(no subject)

From: Kevin Hamilton (email suppressed)
Date: Wed Feb 08 2006 - 13:11:11 PST


It strikes me that you and I (and perhaps David) are arguing
for the same thing - preservation of subjective experience.
You don't want to see the very specific and meaningful
experiences of artists diluted by lazy viewing. I don't want
to see the also very specific and meaningful experiences of
viewers limited by restricted access to the work.

I think what I understand about your objection is that to talk
about viewer experience is theoretical, while to attempt
access to an artist's experience is more sensory and applied?

That's one point where I'd disagree with you. But the desire
to preserve subjective, even epiphanic experience, places us
on the same side of one contemporary struggle.

Besides that, just to clarify some of my position-

I'm not against artists or authors. I don't think the author's
experience is irrelevant to the experience of a work. I do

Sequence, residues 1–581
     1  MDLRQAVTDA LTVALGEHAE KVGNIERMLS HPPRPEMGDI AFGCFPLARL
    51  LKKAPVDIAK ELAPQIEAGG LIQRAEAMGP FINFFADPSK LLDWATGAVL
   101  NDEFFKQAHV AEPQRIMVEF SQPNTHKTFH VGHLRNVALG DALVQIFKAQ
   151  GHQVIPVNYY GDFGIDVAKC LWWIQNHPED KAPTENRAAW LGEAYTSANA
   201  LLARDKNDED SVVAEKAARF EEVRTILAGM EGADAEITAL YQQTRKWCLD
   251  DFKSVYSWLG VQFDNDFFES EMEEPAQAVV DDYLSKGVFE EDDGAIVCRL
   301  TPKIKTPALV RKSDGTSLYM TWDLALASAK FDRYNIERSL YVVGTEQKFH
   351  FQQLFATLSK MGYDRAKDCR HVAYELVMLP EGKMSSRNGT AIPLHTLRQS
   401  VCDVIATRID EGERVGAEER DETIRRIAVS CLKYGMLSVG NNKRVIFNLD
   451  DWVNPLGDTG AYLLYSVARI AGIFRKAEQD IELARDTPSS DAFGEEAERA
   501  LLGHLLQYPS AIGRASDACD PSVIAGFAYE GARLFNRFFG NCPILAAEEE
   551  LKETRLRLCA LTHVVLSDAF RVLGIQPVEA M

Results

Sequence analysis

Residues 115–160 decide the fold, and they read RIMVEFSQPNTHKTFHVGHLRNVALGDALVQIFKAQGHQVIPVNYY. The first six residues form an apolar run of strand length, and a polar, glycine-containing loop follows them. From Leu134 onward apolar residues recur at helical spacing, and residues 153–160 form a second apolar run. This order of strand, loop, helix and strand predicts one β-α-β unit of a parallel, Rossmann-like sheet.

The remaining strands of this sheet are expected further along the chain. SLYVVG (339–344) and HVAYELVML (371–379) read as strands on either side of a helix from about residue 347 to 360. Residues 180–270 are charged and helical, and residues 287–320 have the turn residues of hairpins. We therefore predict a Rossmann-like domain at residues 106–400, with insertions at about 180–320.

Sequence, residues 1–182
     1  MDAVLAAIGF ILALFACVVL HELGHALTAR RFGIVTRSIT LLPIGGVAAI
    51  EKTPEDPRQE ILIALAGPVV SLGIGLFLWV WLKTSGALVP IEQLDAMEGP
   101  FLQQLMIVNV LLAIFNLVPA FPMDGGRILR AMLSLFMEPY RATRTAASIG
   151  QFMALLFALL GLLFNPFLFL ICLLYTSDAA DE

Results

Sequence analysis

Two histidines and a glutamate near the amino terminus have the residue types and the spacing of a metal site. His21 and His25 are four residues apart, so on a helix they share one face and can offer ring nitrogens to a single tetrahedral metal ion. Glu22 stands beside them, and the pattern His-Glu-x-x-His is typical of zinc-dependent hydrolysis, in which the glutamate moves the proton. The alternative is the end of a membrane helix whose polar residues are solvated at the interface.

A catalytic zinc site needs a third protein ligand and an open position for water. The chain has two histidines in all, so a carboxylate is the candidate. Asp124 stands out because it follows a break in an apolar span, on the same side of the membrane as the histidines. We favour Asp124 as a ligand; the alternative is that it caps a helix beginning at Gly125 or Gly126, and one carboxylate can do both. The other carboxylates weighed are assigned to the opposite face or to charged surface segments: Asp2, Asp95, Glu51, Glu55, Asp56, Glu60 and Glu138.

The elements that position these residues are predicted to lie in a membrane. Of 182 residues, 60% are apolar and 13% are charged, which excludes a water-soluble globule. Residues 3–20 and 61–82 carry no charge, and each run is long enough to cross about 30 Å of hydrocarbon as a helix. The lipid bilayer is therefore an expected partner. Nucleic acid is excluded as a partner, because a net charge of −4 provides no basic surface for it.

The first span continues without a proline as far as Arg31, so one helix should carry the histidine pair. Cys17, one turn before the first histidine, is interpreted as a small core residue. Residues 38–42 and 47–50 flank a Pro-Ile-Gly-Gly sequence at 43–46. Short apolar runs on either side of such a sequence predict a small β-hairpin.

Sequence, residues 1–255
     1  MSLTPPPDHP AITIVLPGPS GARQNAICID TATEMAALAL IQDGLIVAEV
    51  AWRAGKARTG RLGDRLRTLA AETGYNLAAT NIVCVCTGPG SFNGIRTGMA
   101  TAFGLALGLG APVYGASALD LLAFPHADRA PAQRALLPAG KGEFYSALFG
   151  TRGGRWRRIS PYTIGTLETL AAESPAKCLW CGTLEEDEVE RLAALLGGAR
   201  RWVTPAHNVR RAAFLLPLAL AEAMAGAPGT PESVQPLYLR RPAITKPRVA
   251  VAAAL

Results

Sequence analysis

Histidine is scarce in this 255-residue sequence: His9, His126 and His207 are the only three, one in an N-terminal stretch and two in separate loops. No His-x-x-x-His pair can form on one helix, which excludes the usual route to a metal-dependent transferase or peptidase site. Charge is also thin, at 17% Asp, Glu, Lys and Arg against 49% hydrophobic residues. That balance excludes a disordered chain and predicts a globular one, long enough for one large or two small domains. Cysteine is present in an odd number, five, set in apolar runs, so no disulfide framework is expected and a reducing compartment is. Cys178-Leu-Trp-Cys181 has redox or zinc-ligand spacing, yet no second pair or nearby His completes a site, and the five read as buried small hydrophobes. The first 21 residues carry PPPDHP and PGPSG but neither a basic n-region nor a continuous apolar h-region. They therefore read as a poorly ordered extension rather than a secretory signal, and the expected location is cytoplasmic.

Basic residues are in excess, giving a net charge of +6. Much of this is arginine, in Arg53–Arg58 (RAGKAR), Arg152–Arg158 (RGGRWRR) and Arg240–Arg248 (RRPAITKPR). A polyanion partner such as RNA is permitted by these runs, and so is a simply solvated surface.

think it is possible to misinterpret work, I just don't think
it's something we should police. As in my post yesterday,
interpretation and reception serve a lot of different ends,
and not all require the same sort of accountability.

I'm also not in the business of philosophy or sociology - I
will admit that I enter this whole discussion more from
painting than from film, and even that I have viewed far less
actual films than you or David or most of the people on this
list. But I signed up for this list years ago because I'm
interested in (and moved by) particular experiences of time,
light and sound in film or video or sculpture or paint or
text. If I didn't have reactions to art or life for which I
didn't immediately have words, I wouldn't be teaching art, or
making it. But if I couldn't find words and context for these
experiences, I also wouldn't be able to share them. Theory
isn't a destination for me, but it is a way of acknowledging
and even producing the social component of art.

As you prefer not to reveal your fetishes, I prefer not to
fully reveal my loves in this context. As far as my posts to
Frameworks go, I would point at least to my love (and it is
love) for the good work of ubu.com.

On a related note, I also suggest that theory sung as karaoke,
as by Kenny G this afternoon on WFMU, is far more pleasurable
than reading it.


For info on FrameWorks, contact Pip Chodorov at <email suppressed>.